Department of Environmental Science,

Policy and Management

Environmental Geochemistry @Cal



 Phosphates - the building blocks of vertebrate skeletal materials - have the fascinating ability to accommodate a vast range of elements in their crystalline lattice. We are investigating the nucleation and growth kinetics and mechanisms of these phases to improve technologies for nutrient recovery from municipal and distributed wastewater streams and for heavy metal remediation in contaminated soils and sediments.

Phosphate growth for contaminant remediation and nutrient recovery and reuse

(left) SEM image of synthetic hydroxyapatite crystals.

(right) AFM image of uranium phosphate nanocrystals decorating the surface of a Caulobacter crescentus bacterium.





Clay minerals are essential components of soil due to their nanoparticulate nature, their very high surface area, and in some cases their structural charge. These properties enable clay to immobilize or adsorb nutrients and contaminants from the aqueous phase and can provide a useful catalytic substrate.


We are using classical molecular dynamics simulations (MD) to investigate the adsorption of the Cs-137 radionuclide to surface and interlayer sites of the clay mineral illite. These simulations could provide information on the mechanisms by which illite strongly retains Cs deep within the clay interlayer structure, giving us insights into the transport of Cs in contaminated soil.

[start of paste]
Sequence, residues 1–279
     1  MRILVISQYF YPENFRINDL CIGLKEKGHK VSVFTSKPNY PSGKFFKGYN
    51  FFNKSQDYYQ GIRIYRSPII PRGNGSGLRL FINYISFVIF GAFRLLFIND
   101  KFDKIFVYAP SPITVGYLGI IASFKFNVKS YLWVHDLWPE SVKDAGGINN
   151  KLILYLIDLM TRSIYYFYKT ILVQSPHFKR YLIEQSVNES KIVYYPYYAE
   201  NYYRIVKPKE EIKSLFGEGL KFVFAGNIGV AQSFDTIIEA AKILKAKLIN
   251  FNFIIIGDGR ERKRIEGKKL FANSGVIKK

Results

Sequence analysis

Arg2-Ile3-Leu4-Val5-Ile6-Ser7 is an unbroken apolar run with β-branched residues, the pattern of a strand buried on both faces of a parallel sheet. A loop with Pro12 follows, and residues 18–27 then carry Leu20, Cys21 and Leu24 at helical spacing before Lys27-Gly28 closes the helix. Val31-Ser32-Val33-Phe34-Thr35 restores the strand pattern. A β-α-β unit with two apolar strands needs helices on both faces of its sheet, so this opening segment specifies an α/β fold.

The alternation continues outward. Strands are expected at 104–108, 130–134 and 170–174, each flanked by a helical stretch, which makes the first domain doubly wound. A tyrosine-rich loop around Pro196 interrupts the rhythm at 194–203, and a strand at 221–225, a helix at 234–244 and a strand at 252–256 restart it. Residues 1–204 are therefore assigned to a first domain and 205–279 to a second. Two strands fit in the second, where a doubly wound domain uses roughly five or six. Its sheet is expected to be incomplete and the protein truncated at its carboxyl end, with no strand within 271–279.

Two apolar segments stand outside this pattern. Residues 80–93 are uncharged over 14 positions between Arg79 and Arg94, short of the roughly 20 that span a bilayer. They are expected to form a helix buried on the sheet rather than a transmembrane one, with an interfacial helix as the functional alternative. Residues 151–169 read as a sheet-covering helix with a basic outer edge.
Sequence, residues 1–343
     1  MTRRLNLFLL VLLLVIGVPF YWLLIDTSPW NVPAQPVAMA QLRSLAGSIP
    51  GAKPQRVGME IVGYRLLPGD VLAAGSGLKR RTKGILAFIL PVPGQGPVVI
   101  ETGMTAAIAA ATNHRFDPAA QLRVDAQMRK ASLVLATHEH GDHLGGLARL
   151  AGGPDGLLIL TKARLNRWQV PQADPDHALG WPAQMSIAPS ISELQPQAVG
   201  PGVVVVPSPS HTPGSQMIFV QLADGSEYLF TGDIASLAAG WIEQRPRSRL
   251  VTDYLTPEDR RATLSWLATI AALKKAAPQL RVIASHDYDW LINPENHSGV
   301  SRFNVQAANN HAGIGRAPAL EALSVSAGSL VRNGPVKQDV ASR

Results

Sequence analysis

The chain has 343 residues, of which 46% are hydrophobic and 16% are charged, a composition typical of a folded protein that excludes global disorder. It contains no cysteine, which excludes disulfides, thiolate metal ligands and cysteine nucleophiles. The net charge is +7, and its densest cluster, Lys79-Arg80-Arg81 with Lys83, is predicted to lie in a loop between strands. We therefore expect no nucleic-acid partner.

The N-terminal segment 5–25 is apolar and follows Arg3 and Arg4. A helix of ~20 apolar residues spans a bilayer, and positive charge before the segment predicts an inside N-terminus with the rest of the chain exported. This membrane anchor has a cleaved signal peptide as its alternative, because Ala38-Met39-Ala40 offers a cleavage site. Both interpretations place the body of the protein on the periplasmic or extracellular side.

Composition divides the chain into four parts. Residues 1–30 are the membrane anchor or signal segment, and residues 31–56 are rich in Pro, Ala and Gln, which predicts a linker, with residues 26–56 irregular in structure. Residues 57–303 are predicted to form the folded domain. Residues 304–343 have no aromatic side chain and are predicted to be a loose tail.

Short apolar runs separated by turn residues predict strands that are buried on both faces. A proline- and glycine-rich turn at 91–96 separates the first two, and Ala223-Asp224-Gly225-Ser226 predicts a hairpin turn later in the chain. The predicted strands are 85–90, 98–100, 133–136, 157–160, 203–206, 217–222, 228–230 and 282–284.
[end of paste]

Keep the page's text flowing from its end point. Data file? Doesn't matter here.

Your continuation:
Clay minerals are essential components of soils and geologic reservoir rocks due to their impact on bulk mechanical properties and permeability as well as their incredible capacity to adsorb ions and organic species. We are using a variety of molecular simulation techniques to investigate the kinetics and thermodynamics of ion exchange and swelling. These findings improve our understanding of contaminant radiocesium transport and helps refine models of Engineered Barrier Systems for nuclear waste storage.

Four layer nanoparticle of K-illite in aqueous solution (water molecules not shown).

Clay interface and interlayer reactivity for radionuclide management


Carbonate minerals are crucial phases for the permanent sequestration of carbon dioxide. Moreover, the isotopic and trace element compositions of these phases are widely used to reconstruct the paleo-environment.


We investigate the interfacial processes governing carbonate mineral growth and recrystallization in soils and marine carbonate sediments, emphasizing the interplay between impurity uptake, thermodynamic stability and growth kinetics, with the goal of controlling carbonate mineralization for negative emissions technologies (NETs) and for contaminant remediation.

Carbonate mineralization for negative emissions technologies

(left) Schematic of the custom double-titration chemostat apparatus used to perform crystal growth experiments under fixed chemical conditions, including solution saturation state, pH, and temperature.

(right) Electron probe image of magnesian calcite overgrowth material precipitated over pure calcite seed crystals to investigate Mg partitioning and its influence on the stable isotope composition of calcite.